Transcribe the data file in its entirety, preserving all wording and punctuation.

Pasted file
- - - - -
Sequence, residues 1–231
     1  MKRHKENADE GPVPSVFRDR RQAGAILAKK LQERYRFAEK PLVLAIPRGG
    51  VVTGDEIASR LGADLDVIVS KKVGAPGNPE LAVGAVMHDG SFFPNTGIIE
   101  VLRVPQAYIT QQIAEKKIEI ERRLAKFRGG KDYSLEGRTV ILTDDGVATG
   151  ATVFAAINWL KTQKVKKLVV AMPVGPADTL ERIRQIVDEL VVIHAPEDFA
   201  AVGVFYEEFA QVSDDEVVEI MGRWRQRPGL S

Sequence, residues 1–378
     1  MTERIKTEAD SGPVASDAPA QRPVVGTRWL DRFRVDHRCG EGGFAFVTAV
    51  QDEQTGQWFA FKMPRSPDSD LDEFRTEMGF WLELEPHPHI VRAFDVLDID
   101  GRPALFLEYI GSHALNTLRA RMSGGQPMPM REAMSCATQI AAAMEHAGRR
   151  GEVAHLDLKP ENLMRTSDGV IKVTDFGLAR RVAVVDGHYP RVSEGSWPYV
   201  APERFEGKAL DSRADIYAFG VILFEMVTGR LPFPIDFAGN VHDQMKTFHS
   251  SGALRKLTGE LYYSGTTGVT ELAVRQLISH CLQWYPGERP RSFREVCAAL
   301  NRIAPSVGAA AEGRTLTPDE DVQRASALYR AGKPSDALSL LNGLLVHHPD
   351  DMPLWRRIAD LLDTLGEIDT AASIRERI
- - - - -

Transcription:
Sequence, residues 1–231
     1  MKRHKENADE GPVPSVFRDR RQAGAILAKK LQERYRFAEK PLVLAIPRGG
    51  VVTGDEIASR LGADLDVIVS KKVGAPGNPE LAVGAVMHDG SFFPNTGIIE
   101  VLRVPQAYIT QQIAEKKIEI ERRLAKFRGG KDYSLEGRTV ILTDDGVATG
   151  ATVFAAINWL KTQKVKKLVV AMPVGPADTL ERIRQIVDEL VVIHAPEDFA
   201  AVGVFYEEFA QVSDDEVVEI MGRWRQRPGL S

Sequence, residues 1–378
     1  MTERIKTEAD SGPVASDAPA QRPVVGTRWL DRFRVDHRCG EGGFAFVTAV
    51  QDEQTGQWFA FKMPRSPDSD LDEFRTEMGF WLELEPHPHI VRAFDVLDID
   101  GRPALFLEYI GSHALNTLRA RMSGGQPMPM REAMSCATQI AAAMEHAGRR
   151  GEVAHLDLKP ENLMRTSDGV IKVTDFGLAR RVAVVDGHYP RVSEGSWPYV
   201  APERFEGKAL DSRADIYAFG VILFEMVTGR LPFPIDFAGN VHDQMKTFHS
   251  SGALRKLTGE LYYSGTTGVT ELAVRQLISH CLQWYPGERP RSFREVCAAL
   301  NRIAPSVGAA AEGRTLTPDE DVQRASALYR AGKPSDALSL LNGLLVHHPD
   351  DMPLWRRIAD LLDTLGEIDT AASIRERI